August 16, 2022

SBA wants to partner with small businesses

By Vercie Lark, Region 7 Great Plains Administrator, U.S. Small Business Administration

Recently in Seattle, SBA Administrator Isabel Guzman noted, “President Biden’s successful leadership has guided our economy from high levels of pandemic job loss to the strongest job recovery in history, with all private sector jobs now fully recovered.”

There is no doubt America is doing better economically than most countries. The SBA disbursed approximately $813.7 billion to small businesses in a myriad of loans and grants to ensure small businesses and non-profits survived through the COVID 19 pandemic.

“We’ve seen this record economic recovery, the strongest economic growth in 40 years, but businesses are still feeling the sting of inflation,” Guzman said, “so a lot of them have had to pivot their models or just adapt.”

Again, pivoting and adapting to overcome today’s economic uncertainty deserve a second look.

What does it mean to pivot your business model? It usually means revamping how your business operates, entering new markets, or learning new methods of delivering your products or services.

Most of us recognize how restaurants “pivoted” during the COVID 19 pandemic. Many switched to online ordering, delivery, and pickup, further readjusting employee duties to packaging and delivery. Some later found these services were continuing to increase their customer base and are keeping them. Others may determine that is not where the bulk of their customers are.

What can small businesses do to adapt?

First and foremost, find new ways to meet more customers where they are! This is essential to maintaining and growing sales, the life blood of every small business. Every company should continually reassess customer needs, attitudes, where they are located, and what types of interaction they prefer. Then they should increase, rather than decrease, marketing to these customers.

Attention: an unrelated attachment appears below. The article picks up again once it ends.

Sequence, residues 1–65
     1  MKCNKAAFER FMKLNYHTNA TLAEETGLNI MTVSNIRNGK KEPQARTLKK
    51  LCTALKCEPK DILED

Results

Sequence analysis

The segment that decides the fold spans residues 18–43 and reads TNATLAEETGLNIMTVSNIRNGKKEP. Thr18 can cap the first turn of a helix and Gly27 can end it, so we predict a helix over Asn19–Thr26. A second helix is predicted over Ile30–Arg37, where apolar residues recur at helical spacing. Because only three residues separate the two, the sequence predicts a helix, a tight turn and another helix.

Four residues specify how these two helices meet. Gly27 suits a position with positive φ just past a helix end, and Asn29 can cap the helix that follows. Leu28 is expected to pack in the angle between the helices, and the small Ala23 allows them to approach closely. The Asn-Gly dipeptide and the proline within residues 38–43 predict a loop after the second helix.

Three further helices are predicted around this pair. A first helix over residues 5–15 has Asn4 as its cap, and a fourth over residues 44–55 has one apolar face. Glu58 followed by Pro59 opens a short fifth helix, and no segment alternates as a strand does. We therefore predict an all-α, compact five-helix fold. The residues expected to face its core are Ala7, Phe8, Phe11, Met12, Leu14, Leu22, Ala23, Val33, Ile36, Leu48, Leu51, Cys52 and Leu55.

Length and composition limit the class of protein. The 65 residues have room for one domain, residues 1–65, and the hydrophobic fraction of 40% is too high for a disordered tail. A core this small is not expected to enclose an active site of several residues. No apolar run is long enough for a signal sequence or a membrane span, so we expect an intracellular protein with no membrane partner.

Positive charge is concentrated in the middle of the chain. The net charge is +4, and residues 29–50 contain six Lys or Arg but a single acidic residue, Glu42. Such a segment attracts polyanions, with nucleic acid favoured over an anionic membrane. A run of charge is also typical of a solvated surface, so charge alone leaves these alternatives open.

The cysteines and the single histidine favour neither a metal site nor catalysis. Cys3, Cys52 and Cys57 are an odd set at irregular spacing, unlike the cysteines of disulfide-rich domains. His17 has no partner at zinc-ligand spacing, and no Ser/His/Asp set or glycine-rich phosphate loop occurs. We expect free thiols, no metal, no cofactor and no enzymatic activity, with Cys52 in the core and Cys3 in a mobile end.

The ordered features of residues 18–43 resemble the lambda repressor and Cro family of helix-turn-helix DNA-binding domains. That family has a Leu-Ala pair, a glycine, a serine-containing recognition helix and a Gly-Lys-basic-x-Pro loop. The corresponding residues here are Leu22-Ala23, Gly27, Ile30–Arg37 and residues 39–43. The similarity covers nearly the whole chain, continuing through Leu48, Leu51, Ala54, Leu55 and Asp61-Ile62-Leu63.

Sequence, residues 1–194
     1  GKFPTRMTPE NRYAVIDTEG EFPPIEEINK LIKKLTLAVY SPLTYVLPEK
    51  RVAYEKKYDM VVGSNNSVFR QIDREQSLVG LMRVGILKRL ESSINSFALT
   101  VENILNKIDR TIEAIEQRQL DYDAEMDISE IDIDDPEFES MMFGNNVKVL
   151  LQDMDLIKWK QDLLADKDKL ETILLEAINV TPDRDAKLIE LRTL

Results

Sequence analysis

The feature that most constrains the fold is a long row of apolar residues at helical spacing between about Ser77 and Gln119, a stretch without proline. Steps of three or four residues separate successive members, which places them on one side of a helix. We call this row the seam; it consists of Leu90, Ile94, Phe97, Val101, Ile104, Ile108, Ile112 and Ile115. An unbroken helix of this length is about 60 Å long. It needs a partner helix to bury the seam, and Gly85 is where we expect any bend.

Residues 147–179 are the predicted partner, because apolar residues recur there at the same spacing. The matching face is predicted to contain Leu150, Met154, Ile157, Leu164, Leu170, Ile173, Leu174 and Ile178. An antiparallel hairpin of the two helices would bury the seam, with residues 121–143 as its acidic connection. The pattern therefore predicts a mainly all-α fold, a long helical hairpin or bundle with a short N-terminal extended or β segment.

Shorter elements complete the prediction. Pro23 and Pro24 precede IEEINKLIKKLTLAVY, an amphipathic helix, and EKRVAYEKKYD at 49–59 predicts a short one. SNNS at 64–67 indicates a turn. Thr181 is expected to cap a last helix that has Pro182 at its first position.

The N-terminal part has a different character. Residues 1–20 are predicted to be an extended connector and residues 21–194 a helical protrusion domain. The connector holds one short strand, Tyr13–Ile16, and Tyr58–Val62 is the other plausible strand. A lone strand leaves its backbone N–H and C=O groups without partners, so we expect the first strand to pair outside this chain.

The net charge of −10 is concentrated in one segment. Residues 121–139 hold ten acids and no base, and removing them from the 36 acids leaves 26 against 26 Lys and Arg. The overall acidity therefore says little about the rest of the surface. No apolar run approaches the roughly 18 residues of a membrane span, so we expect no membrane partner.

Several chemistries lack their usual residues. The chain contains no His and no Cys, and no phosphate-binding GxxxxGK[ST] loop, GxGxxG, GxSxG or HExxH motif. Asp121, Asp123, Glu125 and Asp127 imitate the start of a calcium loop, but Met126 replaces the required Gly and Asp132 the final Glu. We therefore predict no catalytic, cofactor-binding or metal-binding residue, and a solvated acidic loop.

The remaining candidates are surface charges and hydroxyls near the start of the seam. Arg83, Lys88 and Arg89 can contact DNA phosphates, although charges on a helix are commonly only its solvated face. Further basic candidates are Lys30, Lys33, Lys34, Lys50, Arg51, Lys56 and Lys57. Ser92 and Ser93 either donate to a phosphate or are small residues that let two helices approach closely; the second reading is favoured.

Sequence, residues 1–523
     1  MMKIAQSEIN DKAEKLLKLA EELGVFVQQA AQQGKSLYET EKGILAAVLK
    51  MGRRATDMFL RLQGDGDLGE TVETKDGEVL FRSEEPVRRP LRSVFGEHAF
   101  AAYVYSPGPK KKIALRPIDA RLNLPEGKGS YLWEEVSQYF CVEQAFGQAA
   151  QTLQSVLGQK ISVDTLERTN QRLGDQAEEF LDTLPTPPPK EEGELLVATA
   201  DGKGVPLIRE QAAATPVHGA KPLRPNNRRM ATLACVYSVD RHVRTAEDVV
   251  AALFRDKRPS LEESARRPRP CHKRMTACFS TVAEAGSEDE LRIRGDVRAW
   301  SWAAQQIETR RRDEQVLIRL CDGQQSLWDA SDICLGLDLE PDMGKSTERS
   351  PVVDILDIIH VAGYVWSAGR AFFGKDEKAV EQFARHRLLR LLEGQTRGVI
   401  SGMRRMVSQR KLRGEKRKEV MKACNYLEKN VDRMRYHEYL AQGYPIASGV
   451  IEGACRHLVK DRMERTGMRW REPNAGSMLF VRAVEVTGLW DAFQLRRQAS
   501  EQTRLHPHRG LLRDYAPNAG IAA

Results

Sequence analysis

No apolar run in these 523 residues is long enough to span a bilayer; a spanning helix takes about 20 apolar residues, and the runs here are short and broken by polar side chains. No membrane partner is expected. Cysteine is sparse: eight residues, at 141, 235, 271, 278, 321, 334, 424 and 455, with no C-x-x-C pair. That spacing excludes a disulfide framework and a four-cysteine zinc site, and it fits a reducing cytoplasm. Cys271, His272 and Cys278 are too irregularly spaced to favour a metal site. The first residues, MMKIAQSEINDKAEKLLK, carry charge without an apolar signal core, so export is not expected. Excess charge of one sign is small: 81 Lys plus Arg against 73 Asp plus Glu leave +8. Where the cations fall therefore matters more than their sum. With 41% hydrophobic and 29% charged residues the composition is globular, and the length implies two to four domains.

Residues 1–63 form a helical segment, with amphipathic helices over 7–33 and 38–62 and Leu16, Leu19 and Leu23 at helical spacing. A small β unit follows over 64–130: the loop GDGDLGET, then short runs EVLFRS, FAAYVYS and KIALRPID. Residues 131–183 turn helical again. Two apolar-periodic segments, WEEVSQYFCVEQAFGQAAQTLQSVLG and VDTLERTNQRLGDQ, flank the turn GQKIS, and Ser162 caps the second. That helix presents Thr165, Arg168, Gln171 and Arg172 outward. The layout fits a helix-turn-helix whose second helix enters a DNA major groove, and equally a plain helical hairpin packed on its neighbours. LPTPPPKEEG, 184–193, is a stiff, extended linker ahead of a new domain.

Second, while raising prices has been a common adaptation, it can be difficult to know how much to raise prices and still stay competitive. New business startups are at an all-time high and may be competing with you. Again, continual reassessment is needed.

Third, remember that cashflow and liquidity are essential to your survival during times of uncertainty. Consider applying one or more of the following steps that helped my business survive as a BP Gas station and convenience store owner during difficult economic times:

〈 Pare back ordering or discount slow-moving inventory to generate increased cash flow and if possible, bank the savings to provide more liquidity.

〈 Join or form small business consortiums in your industry to get better discounts for purchases of wholesale goods and other services.

〈 Consider raising prices only for those items that are in high demand (hot sellers) - those your clients love of can’t do without.

〈 Review your firms’ financials weekly to eliminate non-essential expenses to free up cash.

〈 Increase your credit. Consider short term loans (3-5 year) to increase working capital can help you whether the storm. This is where SBA lending products may be able to help you.

Building businesses remains at the heart of American prosperity and the SBA wants to partner with small businesses as they Build America and ensure their customers Buy American. I encourage you to contact us to see how the SBA can multiply your chances for success. Nearby SBA offices and resource partners can be found by typing your zip code into the SBA’s new Local Assistance LookUp Tool at https://www.sba.gov/local-assistance.

Vercie Lark is the regional administrator for the U.S. Small Business Administration SBA Region 7 covering the states of Kansas, Nebraska, Missouri and Iowa.